Autumn Statement: Can the UK pull off the confidence trick?

The OBR forecasts improved economic growth…

The Office for Budget Responsibility’s has updated its forecasts for the UK economy and now predicts much faster growth  than it expected in March. The new estimates are for growth in GDP of 1.4% in 2013 and 2.4% in 2014, increases of 0.8% and 0.6% respectively.

…so far so good…

The forecast confirms that the economic strategy launched in the March Budget is working as planned. The support for house purchases and the tax giveaways announced in March have had the desired effect: house prices are rising and consumer confidence has boomed. Workers are more confident about their future employment prospects and have begun to dip into their savings to fund expenditure.

This feel good factor has filtered through to business sentiment, and business confidence has soared. The EY Capital Confidence Barometer recently found that 78% of Uk businesses were confident about the UK economic outlook, up from 22% a year ago.

…time for business to step up?

For the confidence trick to work the economy now requires businesses to begin investing. The OBR assumes  a gradual pick up in 2014 with a 5.1% rise in business investment, supplemented by a 7% increase in public investment, and then an acceleration of growth in business investment to over 8% per annum from 2015 to 2018.

If this business investment materialises then we can expect effective demand to grow and this should increase the demand for labour and  lead to higher earnings,  allowing consumers to spend more, pay their mortgages and  service their debts. This will create a virtuous circle and provide the basis for a sustained period of expansion.

However, the surge in confidence in 2013 has not translated into increased investment. Quite the opposite: business investment is forecast to fall by 5.5% this year by the OBR. All of the renewed optimism in surveys has yet to translate into activity and it appears that the relationship between confidence and investment.

Its touch and go at best…

This is a finely balanced situation. While the increased confidence and upgraded forecasts may provide business with more comfort, there are  a number of factors in the Autumn Statement that will cause them to pause for thought.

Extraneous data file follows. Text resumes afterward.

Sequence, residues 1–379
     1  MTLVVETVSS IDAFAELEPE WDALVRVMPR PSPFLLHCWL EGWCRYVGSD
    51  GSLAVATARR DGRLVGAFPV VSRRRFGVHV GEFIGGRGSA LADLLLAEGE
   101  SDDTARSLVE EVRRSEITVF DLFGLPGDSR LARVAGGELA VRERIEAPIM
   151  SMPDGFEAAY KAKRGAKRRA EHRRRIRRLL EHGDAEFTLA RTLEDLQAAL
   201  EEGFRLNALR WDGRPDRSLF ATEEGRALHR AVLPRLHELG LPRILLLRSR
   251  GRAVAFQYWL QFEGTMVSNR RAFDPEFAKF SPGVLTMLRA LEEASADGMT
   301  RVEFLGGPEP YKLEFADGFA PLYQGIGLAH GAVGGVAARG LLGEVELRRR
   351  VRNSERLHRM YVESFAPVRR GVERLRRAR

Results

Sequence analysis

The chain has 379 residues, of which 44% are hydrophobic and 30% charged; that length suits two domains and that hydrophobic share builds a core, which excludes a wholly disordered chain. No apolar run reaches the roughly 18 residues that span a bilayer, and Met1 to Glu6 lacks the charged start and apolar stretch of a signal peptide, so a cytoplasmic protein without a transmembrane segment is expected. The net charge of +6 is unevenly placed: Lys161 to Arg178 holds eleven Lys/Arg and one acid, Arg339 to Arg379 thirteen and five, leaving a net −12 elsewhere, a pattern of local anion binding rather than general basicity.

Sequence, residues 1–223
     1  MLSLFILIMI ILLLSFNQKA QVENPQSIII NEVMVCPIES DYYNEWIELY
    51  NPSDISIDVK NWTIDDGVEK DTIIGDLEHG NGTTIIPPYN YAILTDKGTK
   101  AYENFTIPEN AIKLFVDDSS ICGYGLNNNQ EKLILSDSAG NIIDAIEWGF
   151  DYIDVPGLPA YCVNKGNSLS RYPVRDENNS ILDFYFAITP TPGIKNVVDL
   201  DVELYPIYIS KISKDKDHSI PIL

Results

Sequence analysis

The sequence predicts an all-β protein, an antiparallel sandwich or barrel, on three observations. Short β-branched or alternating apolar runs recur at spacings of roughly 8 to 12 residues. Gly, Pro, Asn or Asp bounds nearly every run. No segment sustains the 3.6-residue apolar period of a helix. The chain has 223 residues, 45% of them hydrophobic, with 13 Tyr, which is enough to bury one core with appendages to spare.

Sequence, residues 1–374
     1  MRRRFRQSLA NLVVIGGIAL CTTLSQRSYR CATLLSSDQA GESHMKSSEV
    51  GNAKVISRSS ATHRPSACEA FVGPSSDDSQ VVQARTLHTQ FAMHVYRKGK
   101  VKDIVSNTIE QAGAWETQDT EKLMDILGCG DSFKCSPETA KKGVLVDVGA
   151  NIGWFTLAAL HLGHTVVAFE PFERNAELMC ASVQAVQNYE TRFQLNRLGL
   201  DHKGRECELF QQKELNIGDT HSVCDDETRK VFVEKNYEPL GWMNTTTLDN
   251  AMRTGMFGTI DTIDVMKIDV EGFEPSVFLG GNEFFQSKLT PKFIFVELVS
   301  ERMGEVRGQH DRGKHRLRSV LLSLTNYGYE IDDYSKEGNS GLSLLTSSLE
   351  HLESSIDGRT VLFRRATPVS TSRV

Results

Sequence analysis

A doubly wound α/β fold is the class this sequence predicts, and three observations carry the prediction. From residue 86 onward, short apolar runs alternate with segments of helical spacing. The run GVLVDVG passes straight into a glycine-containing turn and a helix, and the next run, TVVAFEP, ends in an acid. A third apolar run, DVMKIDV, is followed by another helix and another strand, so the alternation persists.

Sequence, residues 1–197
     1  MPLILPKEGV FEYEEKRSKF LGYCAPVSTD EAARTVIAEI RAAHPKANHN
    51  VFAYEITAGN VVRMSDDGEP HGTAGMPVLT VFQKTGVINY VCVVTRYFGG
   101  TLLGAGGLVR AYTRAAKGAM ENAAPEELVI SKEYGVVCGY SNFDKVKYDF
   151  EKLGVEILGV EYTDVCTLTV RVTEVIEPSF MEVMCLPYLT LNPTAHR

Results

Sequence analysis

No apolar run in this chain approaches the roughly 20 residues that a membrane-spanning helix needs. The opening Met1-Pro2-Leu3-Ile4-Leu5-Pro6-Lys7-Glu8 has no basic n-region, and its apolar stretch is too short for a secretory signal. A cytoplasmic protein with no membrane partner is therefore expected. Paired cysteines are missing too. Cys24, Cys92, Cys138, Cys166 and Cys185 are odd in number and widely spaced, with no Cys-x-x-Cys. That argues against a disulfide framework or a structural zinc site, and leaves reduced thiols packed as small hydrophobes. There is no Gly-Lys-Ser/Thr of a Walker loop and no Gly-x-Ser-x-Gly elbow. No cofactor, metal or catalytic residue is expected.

• Strength of the recovery: The OBR’s revisions  include  a slight downgrade in the forecast GDP for 2015 to 2.2% before  a recovery to 2.6 % in 2016 and 2.7% in 2017 and 2018. Business may see this as a signal to defer expenditure a little bit longer to see how things develop.
  • Over-reliance on consumers:The OBR cites slower productivity and earnings growth as reasons why consumer spending is expected to slow in 2014. looking further out, the projections lead to consumer debt of £2.2 Trillion by 2019, equivalent to 162% of income, only 3% off the 165% at the time of the financial crash. This is a leveraged recovery and one very exposed to interest rates and external shocks.
  • Challenging trade conditions: The OBR does not expect much improvement in the UK’s trade performance, with trade contributing very little to GDP growth over the forecast period. The reason given is that the UK’s main export markets are not expected to grow as fast as the overall world economy and it appears the OBR does not expect the UK to be able to accelerate a switch to new markets.
  • Government spending to continue to fall:The reductions in Government spending will continue throughout the forecast removing the potential for increased spending to smooth blips in the recovery.

…and business may continue to wait and see

To  businesses still adjusting to life after the financial crisis, the OBR forecast may will reinforce the current wait and see approach that has led to falling business investment in 2013. As our Capital Confidence Barometer identified, there is a confidence paradox. Businesses are talking about growth but are not committing resources. Plans are very conservative, prioritising lower risk organic activity with a focus on incremental improvement of core products in existing markets. M&A volumes have slumped and the plans that exist for deals envisage small, bolt on acquisitions rather than transformational, mega-deals.

The risk is that business sits and waits dusting off its plans but waiting either for stronger signals on the economy or for competitor moves. We are in a new paradigm, the past is not a reliable guide to the future and having worked hard to survive over the last few years businesses are reluctant to risk another crisis. This recovery could go either way.


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